Malina and the Border Banners, Chapter 11 (A Story for B)

Began here.
Chapter 2 here
Chapter 3 here.
Chapter 4 here.
Chapter 5 here.
Chapter 6 here.
Chapter 7 here.
Chapter 8 here.
Chapter 9 here.
Chapter 10 here.



The bed was soft and fluffy; it smelled of an herb Malina could almost remember and it felt like sleeping in a pile of silk and feathers, which she thought might be a bit more accurate than intended. 

The sand-cat slept on the pillow Malina wasn’t using, and thankfully, he did not snore. 

She had fallen asleep far more easily than she’d expected – a strange place with nothing but the reassurances of a cat that she was safe; a place far from home where magic seemed to do all the housekeeping, when she had considered magic something that was barely in one’s life, or at least barely in her life; a place where she was still, when she came down to it, quite lost.  She had slept solidly, but as the sun filtered in through screens of silk, paper, wood, and stone, all of her dreams were loud in her memory. 

She opened her eyes to the bedroom, the Queen’s sleeping-chamber, which was draped in silk so that the limestone walls seemed very far away, although it was not a huge room.  She closed her eyes to pull back to mind the banners flying in the air, crisp and perfect.  

“Three spears azure, upright, oh, bother.”  Malina furrowed her brow.  “I was never good at all that terminology.  Three spears azure, upright, per chevron, with tips bloody, on a field vert, the border or.”  She saw the banner fluttering, and it seemed to her like the blood on the spears, the spears themselves, were suddenly real.  

“The three chiefs of the place that became the Ever-Flowing Fountain, the Karanala.”  The cat had not yet opened his eyes.  It didn’t seem to matter.  “They lay their spears down on the green grass where it still remained green and not red with blood, and they swore an ever-lasting peace, so long as the fountain flowed.”

She could see the fountain, too.  It was sputtering, but it still flowed a little, in her vision. 

“Someone needs to get in there and clean it out,” she muttered.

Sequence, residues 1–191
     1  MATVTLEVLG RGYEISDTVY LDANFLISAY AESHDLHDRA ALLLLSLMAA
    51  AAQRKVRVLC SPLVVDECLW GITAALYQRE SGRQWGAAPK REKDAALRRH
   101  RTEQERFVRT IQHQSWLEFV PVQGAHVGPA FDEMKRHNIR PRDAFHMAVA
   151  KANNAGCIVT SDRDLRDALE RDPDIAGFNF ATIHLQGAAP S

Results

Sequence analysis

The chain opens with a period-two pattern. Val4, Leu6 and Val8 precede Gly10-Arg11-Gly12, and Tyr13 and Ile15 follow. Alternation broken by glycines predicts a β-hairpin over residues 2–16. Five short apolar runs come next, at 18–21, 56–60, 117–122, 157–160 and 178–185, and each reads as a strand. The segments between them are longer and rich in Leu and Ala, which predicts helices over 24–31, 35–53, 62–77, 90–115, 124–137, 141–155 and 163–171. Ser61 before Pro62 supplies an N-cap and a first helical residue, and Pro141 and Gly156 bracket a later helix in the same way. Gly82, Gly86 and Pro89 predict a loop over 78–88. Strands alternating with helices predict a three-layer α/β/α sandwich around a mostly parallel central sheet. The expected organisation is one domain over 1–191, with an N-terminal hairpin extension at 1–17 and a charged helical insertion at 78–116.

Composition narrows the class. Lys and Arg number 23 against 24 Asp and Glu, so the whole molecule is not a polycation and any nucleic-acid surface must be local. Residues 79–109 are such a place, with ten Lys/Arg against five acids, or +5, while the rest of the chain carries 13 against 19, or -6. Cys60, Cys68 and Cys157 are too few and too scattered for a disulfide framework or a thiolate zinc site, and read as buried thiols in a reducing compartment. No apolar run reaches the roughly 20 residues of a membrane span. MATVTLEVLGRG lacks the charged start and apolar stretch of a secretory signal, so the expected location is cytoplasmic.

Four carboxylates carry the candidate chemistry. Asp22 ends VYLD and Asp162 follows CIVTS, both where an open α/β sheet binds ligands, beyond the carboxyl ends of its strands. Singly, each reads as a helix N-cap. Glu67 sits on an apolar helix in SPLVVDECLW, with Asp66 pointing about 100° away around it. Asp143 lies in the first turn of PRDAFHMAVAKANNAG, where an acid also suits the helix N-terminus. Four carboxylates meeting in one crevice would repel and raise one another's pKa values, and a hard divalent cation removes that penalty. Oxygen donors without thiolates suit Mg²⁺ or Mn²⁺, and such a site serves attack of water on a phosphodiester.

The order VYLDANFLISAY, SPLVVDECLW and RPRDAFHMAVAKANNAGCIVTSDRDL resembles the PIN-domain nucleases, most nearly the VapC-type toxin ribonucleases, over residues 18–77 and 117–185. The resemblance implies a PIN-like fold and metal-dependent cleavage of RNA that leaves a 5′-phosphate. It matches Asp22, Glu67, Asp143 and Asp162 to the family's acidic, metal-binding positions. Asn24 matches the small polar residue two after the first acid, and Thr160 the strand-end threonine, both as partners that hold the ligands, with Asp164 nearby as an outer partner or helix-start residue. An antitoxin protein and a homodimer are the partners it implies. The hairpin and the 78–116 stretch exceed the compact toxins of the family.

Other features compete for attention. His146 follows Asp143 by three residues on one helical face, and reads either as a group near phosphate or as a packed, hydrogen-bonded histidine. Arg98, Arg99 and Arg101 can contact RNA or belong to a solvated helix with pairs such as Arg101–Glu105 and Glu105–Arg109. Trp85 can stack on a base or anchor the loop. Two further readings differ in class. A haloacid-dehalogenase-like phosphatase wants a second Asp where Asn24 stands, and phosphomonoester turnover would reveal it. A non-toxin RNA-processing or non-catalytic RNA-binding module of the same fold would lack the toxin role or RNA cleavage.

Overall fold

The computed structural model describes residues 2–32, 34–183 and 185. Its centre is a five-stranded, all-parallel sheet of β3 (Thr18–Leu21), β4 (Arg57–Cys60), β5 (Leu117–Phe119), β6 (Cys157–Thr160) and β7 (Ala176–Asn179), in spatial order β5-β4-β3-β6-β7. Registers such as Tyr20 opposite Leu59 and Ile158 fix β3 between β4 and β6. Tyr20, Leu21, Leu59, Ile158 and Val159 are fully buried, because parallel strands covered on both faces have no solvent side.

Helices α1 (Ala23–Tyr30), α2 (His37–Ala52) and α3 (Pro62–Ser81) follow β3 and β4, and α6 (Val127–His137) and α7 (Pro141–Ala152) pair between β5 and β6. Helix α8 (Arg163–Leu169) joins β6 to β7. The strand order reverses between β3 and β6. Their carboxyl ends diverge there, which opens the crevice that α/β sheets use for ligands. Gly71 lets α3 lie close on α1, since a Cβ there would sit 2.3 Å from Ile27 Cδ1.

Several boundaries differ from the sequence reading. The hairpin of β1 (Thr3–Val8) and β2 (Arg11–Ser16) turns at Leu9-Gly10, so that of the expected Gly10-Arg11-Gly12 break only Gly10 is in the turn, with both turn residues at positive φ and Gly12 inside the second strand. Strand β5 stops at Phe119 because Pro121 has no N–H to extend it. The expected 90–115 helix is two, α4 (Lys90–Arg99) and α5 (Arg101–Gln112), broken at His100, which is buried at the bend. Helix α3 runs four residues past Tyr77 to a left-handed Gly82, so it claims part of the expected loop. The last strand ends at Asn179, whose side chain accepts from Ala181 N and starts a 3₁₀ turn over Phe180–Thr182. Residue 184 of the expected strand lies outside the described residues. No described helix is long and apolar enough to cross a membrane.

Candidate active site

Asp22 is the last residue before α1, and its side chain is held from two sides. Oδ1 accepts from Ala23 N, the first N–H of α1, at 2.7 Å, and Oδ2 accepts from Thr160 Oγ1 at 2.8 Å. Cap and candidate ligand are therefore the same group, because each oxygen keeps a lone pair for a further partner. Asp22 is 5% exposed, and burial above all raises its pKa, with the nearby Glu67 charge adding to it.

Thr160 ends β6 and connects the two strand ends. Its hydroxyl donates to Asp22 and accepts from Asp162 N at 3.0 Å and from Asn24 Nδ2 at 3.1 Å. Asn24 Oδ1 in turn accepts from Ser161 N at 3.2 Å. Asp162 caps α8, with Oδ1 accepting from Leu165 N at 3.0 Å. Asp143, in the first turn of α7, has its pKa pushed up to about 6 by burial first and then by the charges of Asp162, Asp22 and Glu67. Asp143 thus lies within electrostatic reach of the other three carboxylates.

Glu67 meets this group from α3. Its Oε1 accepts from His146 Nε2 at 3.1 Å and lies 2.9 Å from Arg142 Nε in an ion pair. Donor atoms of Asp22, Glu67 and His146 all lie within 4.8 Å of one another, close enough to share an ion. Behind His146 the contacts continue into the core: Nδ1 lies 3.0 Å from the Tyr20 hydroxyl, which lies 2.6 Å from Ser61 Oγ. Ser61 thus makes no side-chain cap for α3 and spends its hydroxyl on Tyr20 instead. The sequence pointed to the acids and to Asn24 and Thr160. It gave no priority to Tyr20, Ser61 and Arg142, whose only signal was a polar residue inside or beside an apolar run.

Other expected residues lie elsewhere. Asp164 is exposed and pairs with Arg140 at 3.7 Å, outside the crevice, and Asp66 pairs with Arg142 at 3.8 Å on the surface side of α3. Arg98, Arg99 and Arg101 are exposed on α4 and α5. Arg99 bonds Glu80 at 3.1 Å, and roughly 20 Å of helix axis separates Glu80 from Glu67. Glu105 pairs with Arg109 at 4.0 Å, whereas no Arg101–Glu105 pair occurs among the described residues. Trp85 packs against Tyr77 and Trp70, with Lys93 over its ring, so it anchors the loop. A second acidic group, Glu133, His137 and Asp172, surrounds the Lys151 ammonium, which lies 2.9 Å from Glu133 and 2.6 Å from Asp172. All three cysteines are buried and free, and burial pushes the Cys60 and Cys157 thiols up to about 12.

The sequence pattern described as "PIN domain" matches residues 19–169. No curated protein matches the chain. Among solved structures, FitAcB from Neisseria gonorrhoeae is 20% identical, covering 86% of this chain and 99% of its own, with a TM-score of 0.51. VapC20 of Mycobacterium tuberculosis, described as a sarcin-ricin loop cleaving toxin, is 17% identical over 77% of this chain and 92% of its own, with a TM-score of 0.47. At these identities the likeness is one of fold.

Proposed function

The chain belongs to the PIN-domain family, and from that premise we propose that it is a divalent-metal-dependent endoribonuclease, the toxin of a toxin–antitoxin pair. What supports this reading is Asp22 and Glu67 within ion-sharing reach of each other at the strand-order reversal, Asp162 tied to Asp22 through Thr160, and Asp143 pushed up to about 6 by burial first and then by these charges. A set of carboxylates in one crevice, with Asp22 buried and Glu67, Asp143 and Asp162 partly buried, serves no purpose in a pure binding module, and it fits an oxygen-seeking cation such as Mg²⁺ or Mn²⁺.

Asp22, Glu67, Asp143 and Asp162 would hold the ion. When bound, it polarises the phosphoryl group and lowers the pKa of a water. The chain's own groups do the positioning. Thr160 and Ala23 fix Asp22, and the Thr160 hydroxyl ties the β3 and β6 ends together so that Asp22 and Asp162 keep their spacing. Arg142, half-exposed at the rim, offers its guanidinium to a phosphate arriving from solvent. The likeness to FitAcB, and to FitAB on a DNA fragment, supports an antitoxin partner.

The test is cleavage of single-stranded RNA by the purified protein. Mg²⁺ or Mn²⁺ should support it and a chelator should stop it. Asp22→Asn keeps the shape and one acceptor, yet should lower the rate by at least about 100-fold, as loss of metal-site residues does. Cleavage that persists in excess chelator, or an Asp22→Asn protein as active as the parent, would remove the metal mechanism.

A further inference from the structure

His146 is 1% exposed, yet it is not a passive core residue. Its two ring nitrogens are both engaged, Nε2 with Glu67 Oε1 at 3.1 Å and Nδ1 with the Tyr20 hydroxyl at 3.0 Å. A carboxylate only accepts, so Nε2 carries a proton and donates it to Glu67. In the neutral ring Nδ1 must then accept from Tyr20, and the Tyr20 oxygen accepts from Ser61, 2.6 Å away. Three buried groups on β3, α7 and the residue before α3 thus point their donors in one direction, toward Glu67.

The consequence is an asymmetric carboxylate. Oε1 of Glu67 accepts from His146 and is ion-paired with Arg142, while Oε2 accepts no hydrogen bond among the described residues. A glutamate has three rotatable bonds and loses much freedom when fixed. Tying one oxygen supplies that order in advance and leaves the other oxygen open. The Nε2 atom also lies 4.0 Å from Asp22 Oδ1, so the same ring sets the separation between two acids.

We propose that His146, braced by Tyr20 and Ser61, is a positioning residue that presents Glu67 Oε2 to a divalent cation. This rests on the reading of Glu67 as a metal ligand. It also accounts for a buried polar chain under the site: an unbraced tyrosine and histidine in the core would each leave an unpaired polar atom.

“And you will, or you will have it done.”  The cat rolled over and sounded for all the world like he was asleep again. 

Malina looked past the fountain.  There were four banners, she thought.  The next one was blue, mostly.  The bottom corner had been ripped off, leaving the further back hoof of the stallion – or Mustang, she guessed – missing. 

“A mustang, Tawny, rampant, on a field per fess embattled,  azure and or.”

“The Lame.”  She could have sworn the cat was asleep, but he answered anyway. “The bottom foot is missing?  That’s the Lame, from the Golden Sky.  They are mighty, for all that their king went to battle on a three-legged mustang.”  The cat snorted. “Never doubt a mustang. Any mustang.”

“You really remember all of this.”

“What I don’t remember-” the cat opened an eye.  “-I don’t remember why you know these.  Or what you are doing up so early.”

“This isn’t early.”  She gestured at the sunbeams. “The sun is up.  And I dreamed them, those and two others.”

“One was almost pink and had a lion on it?”  The cat yawned mightily.  “Call for breakfast, scion of Dominika.”

“Be less pushy, oh cat of cat-ness.  There are other concerns.  Yes, one was a very faded red, with a lion.  The other-“

“Was black as night, so that one could not see any charge, because the charge was also black, as was the banding, against all tradition.  That is the midnight sword.”

“How did you know?”  She stared at the cat as if its feline expression would tell her anything. 

It told her that the cat had a small spot on his face he wished to clean off, or something of the sort. 

“I remember the scene,” he answered after a moment. “It was soon before the signing of the Final Treaty, and it was many things, but good was not one of them.  There were many battles, and a great deal of blood lay on the ground.  And after that – after that, it became still worse, as if to say no, we were never even trying to parlay.”

The cat huffed and set his head on his paws. “It was a bad time,” he repeated.  “It was very unpleasant.”

“It sounds – it sounds bad.”  Things that the cat had said kept swirling around.  “I hunger, I thirst, I need clothing,” she called. “And paper and pen.”

The air-sprites flicked in and then out again, in and then away.  The cat looked at her.  “Why am I dreaming about this?”

“If I was going to tell you a comforting lie, I’d tell you that you were dreaming it because you had seen banners yesterday, or because you saw the banners in the work-room last night, or because I spoke to you of banners yesterday.”

“I’m not sure I saw any of those baanners, though,” Malina countered slowly.  Then she stopped, looking at the cat. “That’s the comforting lie, then.  The truth?”

“The truth is harder, sadly.  The truth is something like the fact that you have Dominika’s legacy and you’re here in her castle.  It’s something like there is ancient magic that your family line signed, and that magic is, for lack of a better word, excited because you’re home.  It’s something like if you found me, then something is coming.”

“Wait.”  Malina glared at the cat.  “Wait.  I found you because I was bored at a party.  That wasn’t fate, that was nothing but me wandering around because there were too many people.  That’s it,” she added, as if saying it again and maybe again after that might help.  “That’s all.  I was lost.”

The cat stretched up and looked at her. “If that helps you,” he declared, “then it helps you.  But something is coming, Scion of Dominika.  Something other than you, and your coming was known for decades before you arrived.  Something is coming.”

“I was just lost,” she repeated woefully.  “That’s it.  Just.. just lost.”

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